Adolf Hitler is a name every generation around the globe is au fait with. There are scores of history books documenting the reign of the Führer of Nazi Germany from 1934 to 1945. He’s also been the subject of movies and documentaries.
So what inspired History Channel’s Hunting Hitler series, which is back for a second instalment?
Well, it was the FBI’s declassification of more than 700 pages of information on Hitler, which suggest he survived the fall of Nazi Germany and fled to South America.
This piqued the curiosity of CIA veteran Bob Baer and Dr John Cencich, a senior professor of criminal justice, to pursue this conspiracy theory.
Tim Kennedy, a Sergeant First Class with the 7th Special Forces Group of the US Army who is still part of the most elite section of the Special Forces, also joined them on their expedition.
In a chat with Tonight, Kennedy raved about South Africa.
He says: “I love your country. It’s one of my favourite places to live and work. I have worked in Limpopo. I was in Johannesburg for about four months and then I took my wife to Cape Town on vacation. And I went scuba diving on a different trip.”
While revisiting those fond memories, especially of he and his wife dedicating two weeks to drinking wine, he got to talking about the special skill set he brings to the show.
Kennedy explains: “They were looking for an investigator familiar with being on the ground, and drones. Having been a part of the Special Forces group and still with them, my career has pretty much involved looking at high value targets like Saddam Hussein, Bin Laden and the al-Qaeda head of Zarqawi.”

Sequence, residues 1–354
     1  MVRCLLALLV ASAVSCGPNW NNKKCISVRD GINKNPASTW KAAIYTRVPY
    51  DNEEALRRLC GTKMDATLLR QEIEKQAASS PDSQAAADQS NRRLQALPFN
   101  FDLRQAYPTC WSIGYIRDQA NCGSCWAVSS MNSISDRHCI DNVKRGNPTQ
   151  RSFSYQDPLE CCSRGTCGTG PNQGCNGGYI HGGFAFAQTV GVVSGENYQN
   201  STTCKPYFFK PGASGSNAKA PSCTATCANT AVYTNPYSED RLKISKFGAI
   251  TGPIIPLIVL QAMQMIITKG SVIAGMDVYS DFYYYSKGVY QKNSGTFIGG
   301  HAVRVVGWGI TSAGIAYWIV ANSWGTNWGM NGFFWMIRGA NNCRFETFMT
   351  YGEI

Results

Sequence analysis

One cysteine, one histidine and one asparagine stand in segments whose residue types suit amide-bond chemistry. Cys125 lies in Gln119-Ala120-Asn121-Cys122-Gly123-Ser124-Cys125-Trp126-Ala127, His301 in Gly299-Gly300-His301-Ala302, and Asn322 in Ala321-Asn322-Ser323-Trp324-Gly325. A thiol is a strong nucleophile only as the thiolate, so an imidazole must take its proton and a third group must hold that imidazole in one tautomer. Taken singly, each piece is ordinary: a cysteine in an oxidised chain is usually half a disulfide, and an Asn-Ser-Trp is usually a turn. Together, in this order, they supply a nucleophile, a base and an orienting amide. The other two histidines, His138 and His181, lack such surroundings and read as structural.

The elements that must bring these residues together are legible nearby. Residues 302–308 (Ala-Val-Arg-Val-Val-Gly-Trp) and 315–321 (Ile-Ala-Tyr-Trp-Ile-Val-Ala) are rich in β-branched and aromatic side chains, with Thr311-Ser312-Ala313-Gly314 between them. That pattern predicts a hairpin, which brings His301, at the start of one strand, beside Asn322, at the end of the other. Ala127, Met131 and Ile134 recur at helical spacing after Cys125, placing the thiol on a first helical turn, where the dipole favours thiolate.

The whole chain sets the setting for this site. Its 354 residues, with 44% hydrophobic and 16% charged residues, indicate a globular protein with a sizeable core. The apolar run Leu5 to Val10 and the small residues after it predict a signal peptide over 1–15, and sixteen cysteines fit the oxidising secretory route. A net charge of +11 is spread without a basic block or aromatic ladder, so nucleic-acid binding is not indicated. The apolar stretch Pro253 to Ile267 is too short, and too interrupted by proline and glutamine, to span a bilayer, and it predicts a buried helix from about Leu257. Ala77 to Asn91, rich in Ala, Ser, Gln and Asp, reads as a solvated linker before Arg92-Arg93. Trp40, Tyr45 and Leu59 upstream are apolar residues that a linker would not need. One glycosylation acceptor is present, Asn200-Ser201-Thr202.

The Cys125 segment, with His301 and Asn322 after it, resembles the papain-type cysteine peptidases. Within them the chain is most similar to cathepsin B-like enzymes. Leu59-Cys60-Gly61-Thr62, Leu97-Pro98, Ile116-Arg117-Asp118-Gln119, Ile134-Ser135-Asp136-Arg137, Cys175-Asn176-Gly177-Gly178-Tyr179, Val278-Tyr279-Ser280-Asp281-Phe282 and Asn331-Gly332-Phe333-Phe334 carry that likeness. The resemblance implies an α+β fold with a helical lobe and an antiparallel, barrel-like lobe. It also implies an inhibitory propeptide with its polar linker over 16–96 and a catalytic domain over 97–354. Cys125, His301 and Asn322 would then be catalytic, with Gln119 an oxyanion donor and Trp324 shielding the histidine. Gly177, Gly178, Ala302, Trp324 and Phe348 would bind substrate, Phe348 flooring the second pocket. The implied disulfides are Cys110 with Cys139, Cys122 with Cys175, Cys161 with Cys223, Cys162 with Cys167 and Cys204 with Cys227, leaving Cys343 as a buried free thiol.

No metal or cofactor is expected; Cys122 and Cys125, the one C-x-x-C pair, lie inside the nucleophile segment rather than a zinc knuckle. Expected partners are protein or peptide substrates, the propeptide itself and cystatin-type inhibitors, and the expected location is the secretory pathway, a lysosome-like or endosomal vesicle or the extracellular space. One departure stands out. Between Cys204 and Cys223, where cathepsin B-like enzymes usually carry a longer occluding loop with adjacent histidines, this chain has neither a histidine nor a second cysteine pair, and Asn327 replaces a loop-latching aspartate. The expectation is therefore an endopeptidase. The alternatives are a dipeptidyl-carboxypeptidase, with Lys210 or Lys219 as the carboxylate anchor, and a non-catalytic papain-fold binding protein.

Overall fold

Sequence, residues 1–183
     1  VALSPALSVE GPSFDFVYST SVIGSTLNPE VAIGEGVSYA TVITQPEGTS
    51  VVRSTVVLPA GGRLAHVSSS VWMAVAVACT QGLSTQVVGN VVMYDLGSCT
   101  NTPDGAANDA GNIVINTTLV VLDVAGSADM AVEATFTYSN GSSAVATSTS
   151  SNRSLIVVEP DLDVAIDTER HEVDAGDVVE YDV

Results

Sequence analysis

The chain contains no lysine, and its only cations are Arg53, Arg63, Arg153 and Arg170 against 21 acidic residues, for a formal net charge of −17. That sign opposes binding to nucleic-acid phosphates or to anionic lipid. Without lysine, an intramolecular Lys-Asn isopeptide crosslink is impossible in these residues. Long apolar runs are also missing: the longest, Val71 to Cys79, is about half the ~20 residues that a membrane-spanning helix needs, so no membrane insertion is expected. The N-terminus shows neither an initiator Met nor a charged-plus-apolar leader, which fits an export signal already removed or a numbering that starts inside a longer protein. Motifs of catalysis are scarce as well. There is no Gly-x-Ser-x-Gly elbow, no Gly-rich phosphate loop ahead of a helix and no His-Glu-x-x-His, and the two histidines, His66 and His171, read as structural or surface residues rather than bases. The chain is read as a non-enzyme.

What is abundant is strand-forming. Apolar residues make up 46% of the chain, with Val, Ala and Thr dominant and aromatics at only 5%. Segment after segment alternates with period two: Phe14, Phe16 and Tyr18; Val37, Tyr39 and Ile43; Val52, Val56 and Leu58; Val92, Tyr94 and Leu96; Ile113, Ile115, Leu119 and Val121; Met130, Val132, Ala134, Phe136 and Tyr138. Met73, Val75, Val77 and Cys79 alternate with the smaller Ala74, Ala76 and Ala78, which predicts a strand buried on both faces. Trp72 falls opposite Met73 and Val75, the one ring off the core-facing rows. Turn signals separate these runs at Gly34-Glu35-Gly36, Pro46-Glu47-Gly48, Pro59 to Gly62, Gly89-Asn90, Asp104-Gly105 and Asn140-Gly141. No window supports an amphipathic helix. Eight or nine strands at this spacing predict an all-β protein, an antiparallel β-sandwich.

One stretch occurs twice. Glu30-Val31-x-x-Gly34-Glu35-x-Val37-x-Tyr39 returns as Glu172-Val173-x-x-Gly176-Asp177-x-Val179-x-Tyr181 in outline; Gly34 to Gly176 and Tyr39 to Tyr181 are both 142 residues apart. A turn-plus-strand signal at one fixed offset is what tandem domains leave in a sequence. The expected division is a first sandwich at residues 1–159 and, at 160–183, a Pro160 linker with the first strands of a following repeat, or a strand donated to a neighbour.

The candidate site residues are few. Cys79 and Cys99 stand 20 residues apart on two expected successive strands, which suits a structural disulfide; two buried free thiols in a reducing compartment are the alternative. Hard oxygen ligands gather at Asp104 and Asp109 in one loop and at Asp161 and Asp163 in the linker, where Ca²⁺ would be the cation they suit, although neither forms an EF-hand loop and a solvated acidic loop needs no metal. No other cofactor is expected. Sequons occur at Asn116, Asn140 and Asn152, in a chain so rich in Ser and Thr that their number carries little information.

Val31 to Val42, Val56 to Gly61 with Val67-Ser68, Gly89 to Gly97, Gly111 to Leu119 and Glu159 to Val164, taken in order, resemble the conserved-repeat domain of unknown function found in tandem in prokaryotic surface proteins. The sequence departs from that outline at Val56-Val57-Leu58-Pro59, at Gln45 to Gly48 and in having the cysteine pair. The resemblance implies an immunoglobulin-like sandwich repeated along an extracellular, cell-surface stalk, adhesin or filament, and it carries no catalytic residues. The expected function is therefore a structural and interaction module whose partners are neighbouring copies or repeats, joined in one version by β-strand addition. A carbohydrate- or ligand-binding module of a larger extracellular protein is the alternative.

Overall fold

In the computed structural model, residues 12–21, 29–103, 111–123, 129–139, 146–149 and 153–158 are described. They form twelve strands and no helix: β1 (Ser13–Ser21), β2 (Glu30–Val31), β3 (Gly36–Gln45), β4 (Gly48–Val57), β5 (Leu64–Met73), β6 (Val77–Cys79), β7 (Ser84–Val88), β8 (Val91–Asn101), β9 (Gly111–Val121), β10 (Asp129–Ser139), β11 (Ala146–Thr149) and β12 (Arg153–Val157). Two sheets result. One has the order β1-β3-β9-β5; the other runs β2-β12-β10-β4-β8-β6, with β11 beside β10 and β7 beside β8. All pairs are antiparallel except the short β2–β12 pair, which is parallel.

Having worked in some of the world’s most treacherous places, like the Middle East and South America, he has received multiple commendations, among them the Army’s Bronze Star Medal for valour under fire.
As for how comfortable he was in front the camera, he says: “In my team (in the army), we were the guys who, let’s say if CNN, BBC or Reuters were going to be sending a journalist into combat, would bring them in, keep them safe and let them get a real perspective of what war is. So I was comfortable with having cameras around, in a way.”
On the germination of this series, he notes: “It is an opportunity to revisit a chapter in our history that has maybe been, I wouldn’t say forgotten, but is being intentionally ignored. What we know from history is that history repeats itself.”
He continues: “Adolf Hitler personified the worse of our species. He was able to manipulate and control those humans to do the most atrocious things imaginable. So, first, we had to revisit history to see who this man was.
“The investigation was moving forward with an assumption: if a man like that could rally such radicals around him, is he a man who would die in a Führerbunker? Logic says, maybe not!”
Although season one looked into who Hitler was and what he would do, the second season takes the investigation further.
It was a perilous undertaking, to say the least.
Kennedy reveals: “We had people following us. We had people tracking us. We would fly from one airport to another and the person we saw at the last restaurant (in a different country), we would see again. We had groups of people that were actively following us, trying to inhibit us from getting actual information. There were times when I would be trying to talk to someone and people would walk into the restaurant with SS tattoos and swastikas on their arms. There was no question as to why they were there. And then I could see the person I was talking to recognise them, seated three or four tables away from us, and everything about them would change.”
Aside from that, the team encountered many obstacles, including border agents who were paid off by locals, and immigration officers.
This part of history may be over but the current-day threat remains to those looking into Germany’s past. Nonetheless, the Hunting Hitler team of experts soldier on with their mission to “uncover the truth”.
Hunting Hitler, History Channel (DStv Channel 186), Fridays, 7.20pm.